Justas from Qoorio asked me a question: “Hi Juste, I trust your taste in contemporary art and I would love to get your recommendation. I am looking for a piece of art for my office. I am thinking of 1..2m x 0.5..1.5m size, €5k-€10k price range, made by a young, contemporary artist, can be local or not. What names/links would you suggest to look at?” 👌Justai, thank you for your question. In fact, the question ‘How do I go about acquiring my first artwork’ is the most common question I get. There are many reasons why people don’t feel too confident when searching for an artwork for their home, or, as in your case, your office. 🤔 Some of these reasons have to do with the supposed lack of knowledge in the field of contemporary art (although I personally think that’s more of a myth). Others have to do more with the question of value: how do I make sure the artwork I buy will not go down in its value over the years so I don’t lose the money I invested. I recommned to first think about these aspects when choosing the right work for your office (or home), and only afterwards consider which artists to concentrate on based on your answers: 1. What do I want the work to symbolize for me?✨ If you are looking for an artwork for your office, likely you will spend dozens of hours every week in front of it. What core values or memories do you want the work to remind you of? Do you want it to symbolize ambition, innovation or creativity to boost your drive? Do you want it to create you a moment of relaxation or fantasy for your otherwise highly concentrated day? For example, if ‘future’ is one of the most relevant topics for you, perhaps you don’t even want a two-dimensional painting, but rather a 3-dimensional hologram which better reflects your values? 2. What do I want the work to symbolize for my colleagues/partners/clients? 🏙 If you are looking for an artwork for your office, the work will likely become a central piece of attention to anyone who comes in and visit your work place – whether your colleagues or your clients. What do you want the artwork to say about you and your product/service to every visitor? Do you want it to strengthen your status as an expert in your field, to give the impression of you/your product as a reputable, innovative or creative person/product? For example, if ‘sustainability’ is the main keyword for your business, how do you pick an artwork that speaks of sustainability to everyone who comes into your office? 🌀Last but not least, I suggest to take into consideration such aspects as the market value of the work, the artist’s career and demand of their work, the seller’s reputation (whether you decide to buy at a gallery, auction house or elsewhere). ✅ Finally, to answer your question more specifically, some young generation Lithuanian artists who are internationally active at the moment and whose works have a good international market demand and can be within the price range you provided : Rute Merk, Pakui Hardware, Indrė Šerpytytė, Augustas Serapinas, Lina Lapelyte, Andrius Zakarauskas, Emilija Škarnulytė and some others. You can also look up some international young yet respected artists too within the price range you gave me: Ragna Bley, Athena Papadopoulos, Evgeny Antufiev and Louisa Gagliardi, Jesse Darling, Zoe Paul and many others. You can look up sites such as Artsy, Contemporary Art Daily, Artnet and others to disocver more artists. I hope this will give you a good start, and if you have more questions, ❇️next Thursday, July 30th at 8 pm (LT time) ❇️ I will be doing an Instagram live session (in Lithuanian) on how to pick your first artwork (on my @temaprojects IG account) and you are welcome to ask me further questions there, or in the comments section of this Qoorio post. 📸 Works by Rute Merk in New York’s gallery Downs& Ross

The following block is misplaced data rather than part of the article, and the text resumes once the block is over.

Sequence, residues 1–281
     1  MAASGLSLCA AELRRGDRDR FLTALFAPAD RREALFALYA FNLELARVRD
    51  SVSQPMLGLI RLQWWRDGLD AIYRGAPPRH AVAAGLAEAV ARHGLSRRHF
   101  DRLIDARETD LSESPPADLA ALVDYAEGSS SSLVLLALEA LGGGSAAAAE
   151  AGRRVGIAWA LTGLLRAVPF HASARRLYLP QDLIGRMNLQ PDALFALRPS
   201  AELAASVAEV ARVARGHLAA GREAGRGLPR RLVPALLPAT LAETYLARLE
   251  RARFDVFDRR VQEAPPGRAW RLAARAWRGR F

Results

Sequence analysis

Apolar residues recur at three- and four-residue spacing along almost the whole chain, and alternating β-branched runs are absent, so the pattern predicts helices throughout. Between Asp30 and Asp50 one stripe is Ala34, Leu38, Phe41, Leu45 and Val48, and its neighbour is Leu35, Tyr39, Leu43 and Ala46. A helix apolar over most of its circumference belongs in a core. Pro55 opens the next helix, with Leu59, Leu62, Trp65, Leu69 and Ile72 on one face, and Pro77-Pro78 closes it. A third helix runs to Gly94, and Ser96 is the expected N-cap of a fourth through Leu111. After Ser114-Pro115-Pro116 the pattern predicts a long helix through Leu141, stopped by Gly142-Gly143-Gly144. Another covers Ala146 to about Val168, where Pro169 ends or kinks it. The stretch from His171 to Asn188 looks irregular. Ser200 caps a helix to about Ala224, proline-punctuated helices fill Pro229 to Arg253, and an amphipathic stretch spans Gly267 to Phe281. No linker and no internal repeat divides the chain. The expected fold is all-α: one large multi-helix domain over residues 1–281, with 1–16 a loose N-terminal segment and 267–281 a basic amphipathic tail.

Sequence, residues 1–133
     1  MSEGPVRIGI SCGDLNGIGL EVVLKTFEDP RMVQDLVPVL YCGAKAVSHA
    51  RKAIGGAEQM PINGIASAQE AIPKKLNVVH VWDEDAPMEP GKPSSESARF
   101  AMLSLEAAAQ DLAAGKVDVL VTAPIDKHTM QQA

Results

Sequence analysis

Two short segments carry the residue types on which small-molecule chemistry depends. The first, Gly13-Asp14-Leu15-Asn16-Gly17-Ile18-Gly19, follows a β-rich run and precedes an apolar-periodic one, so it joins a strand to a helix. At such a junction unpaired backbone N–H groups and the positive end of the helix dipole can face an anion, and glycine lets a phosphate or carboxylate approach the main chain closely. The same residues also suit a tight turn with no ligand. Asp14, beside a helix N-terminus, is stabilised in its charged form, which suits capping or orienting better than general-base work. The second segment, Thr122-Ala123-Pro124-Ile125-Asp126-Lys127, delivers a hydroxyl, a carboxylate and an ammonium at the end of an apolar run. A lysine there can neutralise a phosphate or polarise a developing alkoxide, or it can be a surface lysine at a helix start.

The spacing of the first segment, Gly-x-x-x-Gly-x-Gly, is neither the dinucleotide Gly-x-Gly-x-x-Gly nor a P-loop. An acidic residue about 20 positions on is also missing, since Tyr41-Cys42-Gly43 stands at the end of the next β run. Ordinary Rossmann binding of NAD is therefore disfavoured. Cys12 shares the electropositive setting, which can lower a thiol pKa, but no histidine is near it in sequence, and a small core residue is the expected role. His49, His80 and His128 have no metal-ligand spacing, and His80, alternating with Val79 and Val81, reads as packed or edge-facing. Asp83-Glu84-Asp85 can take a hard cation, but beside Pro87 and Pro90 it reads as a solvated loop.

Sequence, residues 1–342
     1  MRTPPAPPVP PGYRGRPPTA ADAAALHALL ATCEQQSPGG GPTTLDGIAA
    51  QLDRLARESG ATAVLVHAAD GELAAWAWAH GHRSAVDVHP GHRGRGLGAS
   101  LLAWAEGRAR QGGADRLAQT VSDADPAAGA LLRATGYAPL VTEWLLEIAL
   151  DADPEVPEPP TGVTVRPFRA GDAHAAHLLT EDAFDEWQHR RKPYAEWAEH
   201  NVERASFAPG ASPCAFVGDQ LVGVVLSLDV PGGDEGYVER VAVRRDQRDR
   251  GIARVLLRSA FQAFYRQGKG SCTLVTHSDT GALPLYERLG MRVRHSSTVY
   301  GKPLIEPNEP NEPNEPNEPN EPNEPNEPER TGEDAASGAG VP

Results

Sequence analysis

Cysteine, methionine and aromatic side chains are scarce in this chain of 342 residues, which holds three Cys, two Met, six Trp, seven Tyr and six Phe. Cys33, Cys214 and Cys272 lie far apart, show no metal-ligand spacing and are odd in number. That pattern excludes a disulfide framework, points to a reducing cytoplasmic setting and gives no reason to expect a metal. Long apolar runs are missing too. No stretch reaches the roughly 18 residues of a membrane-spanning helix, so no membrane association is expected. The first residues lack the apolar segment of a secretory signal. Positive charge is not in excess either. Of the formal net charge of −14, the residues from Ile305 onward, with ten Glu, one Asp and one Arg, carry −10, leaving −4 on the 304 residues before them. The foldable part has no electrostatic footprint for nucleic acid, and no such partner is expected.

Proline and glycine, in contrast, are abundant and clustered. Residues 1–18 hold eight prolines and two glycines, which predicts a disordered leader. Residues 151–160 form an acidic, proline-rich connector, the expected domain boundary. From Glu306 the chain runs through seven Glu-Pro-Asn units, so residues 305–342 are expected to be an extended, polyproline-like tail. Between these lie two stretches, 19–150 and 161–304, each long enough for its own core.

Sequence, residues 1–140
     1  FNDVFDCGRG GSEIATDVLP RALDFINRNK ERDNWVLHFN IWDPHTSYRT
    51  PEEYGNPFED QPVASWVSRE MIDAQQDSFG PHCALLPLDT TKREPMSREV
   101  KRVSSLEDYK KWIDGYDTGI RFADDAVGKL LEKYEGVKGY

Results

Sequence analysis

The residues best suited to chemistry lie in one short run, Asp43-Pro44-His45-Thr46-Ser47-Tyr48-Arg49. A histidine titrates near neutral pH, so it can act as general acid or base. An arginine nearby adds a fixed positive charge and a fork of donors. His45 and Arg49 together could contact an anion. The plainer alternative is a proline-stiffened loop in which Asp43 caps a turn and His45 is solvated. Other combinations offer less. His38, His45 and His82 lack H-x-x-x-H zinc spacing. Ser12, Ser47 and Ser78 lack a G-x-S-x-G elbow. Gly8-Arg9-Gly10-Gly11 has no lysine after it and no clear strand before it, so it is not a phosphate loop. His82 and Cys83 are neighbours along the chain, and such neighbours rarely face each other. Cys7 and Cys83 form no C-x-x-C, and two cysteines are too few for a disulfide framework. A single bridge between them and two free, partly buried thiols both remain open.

Lina LinkeviciuteTheatre Director [email protected] Paintings/Luxury Business Professional
This is a deep subject :) my grandmother liked to collect the pieces of art and our home was full of super quality artworks but I was feeling all the depression behind them, of course not every person can be affected by it, once my mother changed the whole artworks, and it was such a relief. So it can be the most expensive, the most beautiful artwork in the world but I would check the energetic and it will depend if I put it somewhere in the special room or where I am all the time :)
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Justas Janauskas asked me: "Mangirdai, I would love to ask you a question and you to answer it publicly. Can you explain in simple words what GPT3 is, how it works, who can use it, and what can be done with it?” My answer: GPT-3 was released in the beginning of June by OpenAI. It is an invite only API. GPT-3 is one of the most hyped tech in recent years. My opinion it is overhyped by new startups trying to use the hype for product launch or money raising. Let’s dig deeper. GPT-3 is transformer based language model. It is a successor to GPT-2 and GPT-1. Transformers type neural networks are an ongoing1 trend demonstrating better performance. GPT-3 idea is simple - it is trained to correctly predict the next word in a sentence. Model could be adapted to other tasks as well. GPT-3 works with text. It can answer questions, generate articles. Even translate text terminal commands or generate code(although such demos should be taken with the grant of salt). GPT-3 real innovation is its ability to adapt to new(unseen) tasks. Good results or sometimes state-of-the-art results could be achieved showing only 16-32 new task examples. This is important - training neural networks from zero is very hard. GPT-3 API lowers the barrier for product development by small startups. Unfortunate model is not open source and available as an invite only API(API will be paid going further). On the other hand similar results could be achieved with GPT-2/BERT/other models with custom training. Some good reviews so far: https://blog.rasa.com/gpt-3-careful-first-impressions/ https://minimaxir.com/2020/07/gpt3-expectations/
GPT-3: Careful First Impressions
blog.rasa.com

Thomas DesimpelAngel Investor, Polyglot, Real Estate Investor
Thanks for sharing Mangirdas Adomaitis I learned something new and interesting 👌